Judging the quality of people running your companies

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Fundamental to the success of any company, and therefore of great importance to investors, is the quality of its management and staff. The difference between the outstanding company and the average or mediocre company is the people running the organisation.  Philip Fisher, the father of growth investing,  identifies four different characteristics to define quality of these people:

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  • Business ability
  • Integrity
  • Outstanding labour and personal relationships
  • Outstanding executive relationships

I’ll tackle the first of these today and the others in tomorrow’s Newsletter.

Business Ability

Under business ability there are two different skills; first is the efficient day-to-day running of the company.  Managers should be skilled at everyday tasks, and be constantly on the lookout for ways of improving efficiency in every part of the business.

There is no time for them to sit back and relax when everything seems to be going well.

They must also be prepared to accept that things do go wrong, and failures happen, especially if they are working at the leading edge of technology.

The good manager will not overly criticise those who fail, but be more concerned with finding a solution to the failure and moving on efficiently, accepting that failure is part of the process of advancement.

The company that is unwilling to take chances, and is satisfied with ticking along, will in the end become vulnerable to more daring competitors.

Secondly the management team must concern themselves with the long-range future; they need the talent to look ahead and ensure that the business is on track for significant future growth without taking undue risks.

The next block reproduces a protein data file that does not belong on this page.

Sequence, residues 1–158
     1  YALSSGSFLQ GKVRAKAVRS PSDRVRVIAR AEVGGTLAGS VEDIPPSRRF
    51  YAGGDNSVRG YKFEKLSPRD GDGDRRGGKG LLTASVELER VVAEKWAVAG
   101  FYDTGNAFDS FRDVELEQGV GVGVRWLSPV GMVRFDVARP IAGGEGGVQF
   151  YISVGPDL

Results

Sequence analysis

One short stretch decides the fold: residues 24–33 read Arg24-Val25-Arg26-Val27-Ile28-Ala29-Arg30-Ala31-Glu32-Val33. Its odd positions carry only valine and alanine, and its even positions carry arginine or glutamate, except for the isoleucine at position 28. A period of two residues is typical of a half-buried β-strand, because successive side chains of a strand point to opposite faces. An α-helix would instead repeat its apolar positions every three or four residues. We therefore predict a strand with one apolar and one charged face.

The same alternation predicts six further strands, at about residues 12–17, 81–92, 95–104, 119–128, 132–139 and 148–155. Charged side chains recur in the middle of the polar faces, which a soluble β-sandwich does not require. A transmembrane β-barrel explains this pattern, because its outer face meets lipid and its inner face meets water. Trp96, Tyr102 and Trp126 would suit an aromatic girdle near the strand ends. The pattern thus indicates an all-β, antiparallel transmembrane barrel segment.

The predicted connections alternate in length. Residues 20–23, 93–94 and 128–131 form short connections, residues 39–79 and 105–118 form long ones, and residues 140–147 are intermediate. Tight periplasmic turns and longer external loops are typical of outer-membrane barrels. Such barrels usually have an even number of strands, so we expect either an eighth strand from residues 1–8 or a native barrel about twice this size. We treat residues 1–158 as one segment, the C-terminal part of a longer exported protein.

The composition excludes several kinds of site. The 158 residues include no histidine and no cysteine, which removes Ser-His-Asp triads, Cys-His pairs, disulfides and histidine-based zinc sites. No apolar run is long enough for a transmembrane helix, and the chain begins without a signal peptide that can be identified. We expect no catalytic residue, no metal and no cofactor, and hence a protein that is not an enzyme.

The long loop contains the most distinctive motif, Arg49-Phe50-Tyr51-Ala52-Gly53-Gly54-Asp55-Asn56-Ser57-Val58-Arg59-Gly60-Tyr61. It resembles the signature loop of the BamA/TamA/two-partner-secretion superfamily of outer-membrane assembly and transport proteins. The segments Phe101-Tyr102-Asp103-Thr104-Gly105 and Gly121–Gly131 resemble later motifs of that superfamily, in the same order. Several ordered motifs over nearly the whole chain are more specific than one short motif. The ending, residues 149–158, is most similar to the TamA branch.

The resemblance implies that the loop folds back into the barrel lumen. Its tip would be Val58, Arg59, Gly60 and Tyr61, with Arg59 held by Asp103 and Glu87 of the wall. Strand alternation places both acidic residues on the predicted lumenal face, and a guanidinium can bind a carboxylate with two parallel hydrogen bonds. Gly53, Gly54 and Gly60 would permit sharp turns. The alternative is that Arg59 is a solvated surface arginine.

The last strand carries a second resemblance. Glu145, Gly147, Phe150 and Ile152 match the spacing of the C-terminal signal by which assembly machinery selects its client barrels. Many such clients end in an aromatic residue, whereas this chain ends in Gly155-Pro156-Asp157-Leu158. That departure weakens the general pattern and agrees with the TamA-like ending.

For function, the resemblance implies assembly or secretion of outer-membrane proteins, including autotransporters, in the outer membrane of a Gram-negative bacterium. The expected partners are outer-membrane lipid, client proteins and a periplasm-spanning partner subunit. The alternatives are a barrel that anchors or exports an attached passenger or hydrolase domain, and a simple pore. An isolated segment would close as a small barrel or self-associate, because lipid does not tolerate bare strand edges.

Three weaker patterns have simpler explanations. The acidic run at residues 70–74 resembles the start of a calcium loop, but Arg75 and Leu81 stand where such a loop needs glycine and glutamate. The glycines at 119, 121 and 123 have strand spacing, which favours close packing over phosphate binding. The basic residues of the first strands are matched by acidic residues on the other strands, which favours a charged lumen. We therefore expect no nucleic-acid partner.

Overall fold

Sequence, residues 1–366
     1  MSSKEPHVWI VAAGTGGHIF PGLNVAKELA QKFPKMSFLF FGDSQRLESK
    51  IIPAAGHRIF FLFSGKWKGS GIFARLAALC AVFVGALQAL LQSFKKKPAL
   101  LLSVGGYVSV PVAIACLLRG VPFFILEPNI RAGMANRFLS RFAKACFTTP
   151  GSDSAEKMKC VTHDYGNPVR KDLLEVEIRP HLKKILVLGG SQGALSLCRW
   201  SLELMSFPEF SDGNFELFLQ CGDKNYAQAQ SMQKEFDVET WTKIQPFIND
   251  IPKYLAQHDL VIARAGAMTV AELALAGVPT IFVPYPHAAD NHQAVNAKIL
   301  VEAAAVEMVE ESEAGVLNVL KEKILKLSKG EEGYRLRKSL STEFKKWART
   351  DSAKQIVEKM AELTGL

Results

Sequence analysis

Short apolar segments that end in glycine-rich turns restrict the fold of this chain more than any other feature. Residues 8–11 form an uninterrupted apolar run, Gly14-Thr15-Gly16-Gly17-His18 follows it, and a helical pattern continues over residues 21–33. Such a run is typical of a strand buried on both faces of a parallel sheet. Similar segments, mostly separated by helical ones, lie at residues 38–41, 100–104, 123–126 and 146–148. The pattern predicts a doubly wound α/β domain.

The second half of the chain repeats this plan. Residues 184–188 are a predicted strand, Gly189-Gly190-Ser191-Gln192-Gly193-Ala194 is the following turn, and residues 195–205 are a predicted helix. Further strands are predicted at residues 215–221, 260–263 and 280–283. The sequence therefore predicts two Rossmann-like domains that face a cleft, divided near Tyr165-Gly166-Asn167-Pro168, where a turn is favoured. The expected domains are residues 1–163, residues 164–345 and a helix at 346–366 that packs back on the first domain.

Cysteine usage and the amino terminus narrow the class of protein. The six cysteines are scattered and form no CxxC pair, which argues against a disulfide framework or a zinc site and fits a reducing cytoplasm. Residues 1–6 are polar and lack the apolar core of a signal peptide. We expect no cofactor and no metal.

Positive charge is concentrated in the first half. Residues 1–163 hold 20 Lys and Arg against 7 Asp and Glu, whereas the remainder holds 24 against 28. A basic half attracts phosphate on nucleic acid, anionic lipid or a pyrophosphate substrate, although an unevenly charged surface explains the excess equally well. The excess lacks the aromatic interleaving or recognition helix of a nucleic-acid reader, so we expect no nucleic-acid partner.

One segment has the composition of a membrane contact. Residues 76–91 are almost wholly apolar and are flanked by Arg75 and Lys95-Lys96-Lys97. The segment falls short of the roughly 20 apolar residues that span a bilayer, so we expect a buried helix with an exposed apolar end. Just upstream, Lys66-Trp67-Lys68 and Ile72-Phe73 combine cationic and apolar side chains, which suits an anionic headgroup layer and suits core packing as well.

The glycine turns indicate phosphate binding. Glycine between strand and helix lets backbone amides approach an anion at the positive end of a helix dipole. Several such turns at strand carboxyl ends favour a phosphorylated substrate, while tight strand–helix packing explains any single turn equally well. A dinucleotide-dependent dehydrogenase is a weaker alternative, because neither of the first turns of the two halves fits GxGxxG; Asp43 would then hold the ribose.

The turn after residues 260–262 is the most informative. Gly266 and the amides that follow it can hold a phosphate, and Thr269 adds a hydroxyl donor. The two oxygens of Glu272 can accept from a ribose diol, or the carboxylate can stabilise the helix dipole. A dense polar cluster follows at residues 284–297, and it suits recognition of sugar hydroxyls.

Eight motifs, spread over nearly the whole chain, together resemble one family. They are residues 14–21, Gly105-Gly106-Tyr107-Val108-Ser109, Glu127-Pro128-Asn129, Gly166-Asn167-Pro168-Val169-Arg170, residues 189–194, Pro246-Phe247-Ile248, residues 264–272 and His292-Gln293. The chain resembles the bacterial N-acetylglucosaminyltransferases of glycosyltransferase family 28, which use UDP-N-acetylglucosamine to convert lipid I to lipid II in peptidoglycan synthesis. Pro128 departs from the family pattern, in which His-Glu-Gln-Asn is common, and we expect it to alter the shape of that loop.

Fisher says that many companies have managers that are either good at day-to-day matters, or at long range planning, but for real success, both are necessary.

Managers must be encouraged to continually challenge what is now being done.  Pointing out that a way of doing things that worked well in the past is not sufficient justification for it to be maintained.  The rigid company that is not constantly challenging itself will sooner or later find itself in decline.

Long-term prospects can be damaged by focusing on producing unduly high short-term profits because of the effect such a policy might have on customers and suppliers.

It is important that companies keep good relations with their customers and suppliers. Companies can, for example, refrain from being overly aggressive in obtaining the keenest terms from suppliers and squeezin  ……To read more subscribe to my premium newsletter Deep Value Shares – click here http://newsletters.advfn.com/deepvalueshares/subscribe-1

 

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